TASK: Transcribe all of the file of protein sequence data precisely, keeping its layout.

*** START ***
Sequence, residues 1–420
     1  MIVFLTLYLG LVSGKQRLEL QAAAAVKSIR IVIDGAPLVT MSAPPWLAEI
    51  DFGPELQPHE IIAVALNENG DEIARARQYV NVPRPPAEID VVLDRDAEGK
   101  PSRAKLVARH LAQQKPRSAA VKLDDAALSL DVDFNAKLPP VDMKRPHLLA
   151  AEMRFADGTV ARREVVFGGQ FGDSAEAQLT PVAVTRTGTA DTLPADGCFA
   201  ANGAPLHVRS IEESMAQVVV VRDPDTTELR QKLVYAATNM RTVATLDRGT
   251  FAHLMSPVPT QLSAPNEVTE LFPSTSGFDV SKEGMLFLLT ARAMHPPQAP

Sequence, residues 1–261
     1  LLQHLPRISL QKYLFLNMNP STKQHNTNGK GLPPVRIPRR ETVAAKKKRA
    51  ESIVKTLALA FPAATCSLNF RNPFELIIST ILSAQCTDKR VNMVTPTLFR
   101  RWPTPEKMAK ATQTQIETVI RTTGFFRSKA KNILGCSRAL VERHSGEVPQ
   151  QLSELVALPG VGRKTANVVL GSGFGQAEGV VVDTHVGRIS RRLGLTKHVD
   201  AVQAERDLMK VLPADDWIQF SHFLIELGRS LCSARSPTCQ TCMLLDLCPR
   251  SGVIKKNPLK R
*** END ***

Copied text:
Sequence, residues 1–420
     1  MIVFLTLYLG LVSGKQRLEL QAAAAVKSIR IVIDGAPLVT MSAPPWLAEI
    51  DFGPELQPHE IIAVALNENG DEIARARQYV NVPRPPAEID VVLDRDAEGK
   101  PSRAKLVARH LAQQKPRSAA VKLDDAALSL DVDFNAKLPP VDMKRPHLLA
   151  AEMRFADGTV ARREVVFGGQ FGDSAEAQLT PVAVTRTGTA DTLPADGCFA
   201  ANGAPLHVRS IEESMAQVVV VRDPDTTELR QKLVYAATNM RTVATLDRGT
   251  FAHLMSPVPT QLSAPNEVTE LFPSTSGFDV SKEGMLFLLT ARAMHPPQAP

Sequence, residues 1–261
     1  LLQHLPRISL QKYLFLNMNP STKQHNTNGK GLPPVRIPRR ETVAAKKKRA
    51  ESIVKTLALA FPAATCSLNF RNPFELIIST ILSAQCTDKR VNMVTPTLFR
   101  RWPTPEKMAK ATQTQIETVI RTTGFFRSKA KNILGCSRAL VERHSGEVPQ
   151  QLSELVALPG VGRKTANVVL GSGFGQAEGV VVDTHVGRIS RRLGLTKHVD
   201  AVQAERDLMK VLPADDWIQF SHFLIELGRS LCSARSPTCQ TCMLLDLCPR
   251  SGVIKKNPLK R